Killers weren’t arrested in more than half of the murders committed in the nation’s capital in 2021, according to one analysis – a figure that could worsen without major changes, given the nature of how homicides are solved, criminologists told Fox News Digital.
The main reason so few murder suspects were arrested is because of how far trust in the police dropped in the fallout after an officer killed George Floyd in May 2020, the criminologists said. Witnesses, as a result, became less willing to cooperate with detectives.
“If people are less confident in the police, want to have less contact with the police, they’re not going to be as cooperative,” a University of Missouri-St. Louis criminology professor, Richard Rosenfeld, told Fox News Digital. “The police therefore lose that valuable form of assistance as they’re trying to solve homicides.”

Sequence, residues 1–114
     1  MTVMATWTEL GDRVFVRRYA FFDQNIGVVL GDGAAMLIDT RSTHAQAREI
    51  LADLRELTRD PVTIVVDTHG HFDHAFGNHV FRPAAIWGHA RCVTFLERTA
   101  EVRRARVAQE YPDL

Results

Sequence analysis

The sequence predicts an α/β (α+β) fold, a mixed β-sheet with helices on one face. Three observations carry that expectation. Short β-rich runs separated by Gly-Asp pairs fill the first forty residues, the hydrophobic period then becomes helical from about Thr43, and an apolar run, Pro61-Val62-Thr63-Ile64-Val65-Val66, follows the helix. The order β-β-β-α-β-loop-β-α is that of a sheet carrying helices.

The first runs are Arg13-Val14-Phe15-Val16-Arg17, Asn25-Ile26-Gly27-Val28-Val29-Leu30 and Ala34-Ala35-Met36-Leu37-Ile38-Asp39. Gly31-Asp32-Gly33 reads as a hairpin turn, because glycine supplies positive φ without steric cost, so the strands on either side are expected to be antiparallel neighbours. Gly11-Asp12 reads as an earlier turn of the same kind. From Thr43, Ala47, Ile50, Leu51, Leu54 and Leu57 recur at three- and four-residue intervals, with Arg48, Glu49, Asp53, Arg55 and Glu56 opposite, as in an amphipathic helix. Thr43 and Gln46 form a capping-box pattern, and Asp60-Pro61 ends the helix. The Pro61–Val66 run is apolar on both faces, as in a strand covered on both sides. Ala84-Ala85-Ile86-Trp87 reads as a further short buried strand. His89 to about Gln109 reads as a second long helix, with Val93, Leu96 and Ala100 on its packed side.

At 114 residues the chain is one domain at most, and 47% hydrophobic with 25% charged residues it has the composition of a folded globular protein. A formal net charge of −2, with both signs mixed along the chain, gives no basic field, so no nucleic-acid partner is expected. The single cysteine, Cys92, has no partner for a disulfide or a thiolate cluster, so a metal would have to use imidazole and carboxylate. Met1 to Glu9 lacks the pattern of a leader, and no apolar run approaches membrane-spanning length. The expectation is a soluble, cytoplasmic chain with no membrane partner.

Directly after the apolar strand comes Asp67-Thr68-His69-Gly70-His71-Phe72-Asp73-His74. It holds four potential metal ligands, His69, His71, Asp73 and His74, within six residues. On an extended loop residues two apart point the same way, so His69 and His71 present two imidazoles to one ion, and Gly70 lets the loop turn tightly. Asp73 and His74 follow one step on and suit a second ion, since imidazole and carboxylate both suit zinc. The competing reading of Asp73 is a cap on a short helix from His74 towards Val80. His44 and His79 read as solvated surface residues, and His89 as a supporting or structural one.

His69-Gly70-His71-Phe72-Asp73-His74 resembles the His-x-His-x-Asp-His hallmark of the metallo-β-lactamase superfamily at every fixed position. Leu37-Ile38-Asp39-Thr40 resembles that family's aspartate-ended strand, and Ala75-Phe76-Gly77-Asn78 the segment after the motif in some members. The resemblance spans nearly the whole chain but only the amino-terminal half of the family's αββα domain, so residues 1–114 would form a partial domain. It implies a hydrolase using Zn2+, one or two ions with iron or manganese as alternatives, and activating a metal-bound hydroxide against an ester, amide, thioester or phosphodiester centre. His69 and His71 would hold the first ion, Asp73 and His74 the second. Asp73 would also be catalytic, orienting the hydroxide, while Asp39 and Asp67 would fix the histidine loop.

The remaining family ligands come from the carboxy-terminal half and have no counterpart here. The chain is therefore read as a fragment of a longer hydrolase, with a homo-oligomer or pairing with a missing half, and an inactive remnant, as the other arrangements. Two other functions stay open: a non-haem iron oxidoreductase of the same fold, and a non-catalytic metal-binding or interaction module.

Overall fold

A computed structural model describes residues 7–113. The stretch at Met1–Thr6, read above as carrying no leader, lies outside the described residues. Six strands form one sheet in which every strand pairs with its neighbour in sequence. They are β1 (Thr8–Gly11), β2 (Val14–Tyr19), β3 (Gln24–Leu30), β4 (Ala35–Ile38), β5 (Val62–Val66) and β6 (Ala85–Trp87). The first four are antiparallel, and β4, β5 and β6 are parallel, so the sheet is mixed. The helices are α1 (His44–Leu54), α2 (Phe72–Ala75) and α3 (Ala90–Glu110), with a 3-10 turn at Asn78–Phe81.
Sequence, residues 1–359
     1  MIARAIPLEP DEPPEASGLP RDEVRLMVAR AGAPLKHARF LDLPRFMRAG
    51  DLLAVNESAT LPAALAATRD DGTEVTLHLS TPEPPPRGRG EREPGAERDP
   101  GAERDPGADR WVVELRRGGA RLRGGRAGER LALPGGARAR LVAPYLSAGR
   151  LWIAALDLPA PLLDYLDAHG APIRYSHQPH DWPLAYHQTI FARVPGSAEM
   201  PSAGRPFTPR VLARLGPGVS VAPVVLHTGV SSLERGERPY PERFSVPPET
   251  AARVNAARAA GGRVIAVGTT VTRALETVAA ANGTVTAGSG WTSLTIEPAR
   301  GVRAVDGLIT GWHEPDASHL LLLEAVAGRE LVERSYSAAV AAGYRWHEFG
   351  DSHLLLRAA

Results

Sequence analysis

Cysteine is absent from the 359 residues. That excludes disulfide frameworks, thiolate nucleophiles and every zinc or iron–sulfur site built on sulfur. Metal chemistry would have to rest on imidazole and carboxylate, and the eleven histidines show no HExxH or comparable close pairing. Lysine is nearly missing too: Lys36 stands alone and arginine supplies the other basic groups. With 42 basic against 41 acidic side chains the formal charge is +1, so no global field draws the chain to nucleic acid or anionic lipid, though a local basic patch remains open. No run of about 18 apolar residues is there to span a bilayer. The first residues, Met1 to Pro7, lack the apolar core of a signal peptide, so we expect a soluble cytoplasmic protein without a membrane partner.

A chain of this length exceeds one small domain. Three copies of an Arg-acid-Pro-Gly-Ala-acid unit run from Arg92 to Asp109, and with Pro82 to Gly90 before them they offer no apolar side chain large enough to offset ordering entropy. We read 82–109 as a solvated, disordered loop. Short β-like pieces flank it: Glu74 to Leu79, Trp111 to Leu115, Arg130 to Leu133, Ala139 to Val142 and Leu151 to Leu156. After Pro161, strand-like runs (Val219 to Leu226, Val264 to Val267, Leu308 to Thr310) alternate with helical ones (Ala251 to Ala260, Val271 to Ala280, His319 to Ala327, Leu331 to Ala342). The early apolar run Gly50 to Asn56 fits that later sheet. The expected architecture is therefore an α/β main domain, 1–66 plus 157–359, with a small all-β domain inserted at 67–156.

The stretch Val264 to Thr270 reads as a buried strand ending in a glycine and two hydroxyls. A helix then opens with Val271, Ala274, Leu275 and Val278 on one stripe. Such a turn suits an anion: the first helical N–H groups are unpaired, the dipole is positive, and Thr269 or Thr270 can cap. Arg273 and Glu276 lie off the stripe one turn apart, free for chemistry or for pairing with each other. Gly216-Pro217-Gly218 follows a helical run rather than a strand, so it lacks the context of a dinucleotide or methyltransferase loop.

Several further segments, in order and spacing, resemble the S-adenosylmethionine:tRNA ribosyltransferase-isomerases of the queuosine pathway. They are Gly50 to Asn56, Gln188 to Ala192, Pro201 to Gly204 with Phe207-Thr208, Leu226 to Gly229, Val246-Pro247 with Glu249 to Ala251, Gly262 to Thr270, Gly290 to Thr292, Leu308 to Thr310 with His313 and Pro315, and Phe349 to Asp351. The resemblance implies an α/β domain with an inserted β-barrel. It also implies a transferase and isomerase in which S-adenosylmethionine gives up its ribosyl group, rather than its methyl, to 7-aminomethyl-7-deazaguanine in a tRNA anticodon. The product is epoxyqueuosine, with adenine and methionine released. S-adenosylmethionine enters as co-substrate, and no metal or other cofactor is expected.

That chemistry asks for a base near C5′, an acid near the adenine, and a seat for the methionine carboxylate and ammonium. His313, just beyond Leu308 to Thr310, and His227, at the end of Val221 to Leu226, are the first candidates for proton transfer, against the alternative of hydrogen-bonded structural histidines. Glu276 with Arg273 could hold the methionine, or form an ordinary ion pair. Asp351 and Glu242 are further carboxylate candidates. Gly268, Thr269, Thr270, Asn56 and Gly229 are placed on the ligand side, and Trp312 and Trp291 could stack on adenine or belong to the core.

“The police can’t clear crimes on their own,” Rosenfeld continued. “Those of us who happened to witness the event are key ingredients in the ability of the police to clear a homicide or any other serious crime with an arrest.”
Rosenfeld and other criminologists described vicious cycles that can form. Essentially, a decrease in police trust can cause homicides to rise and arrests to fall, which further harms police trust.
Murder cases were closed in 42% of Washington, D.C.,’s homicides in 2021, meaning police found murder suspects in about two out of every five murders, according to data compiled and analyzed by D.C. Witness, a nonprofit that tracks murders in the nation’s capital.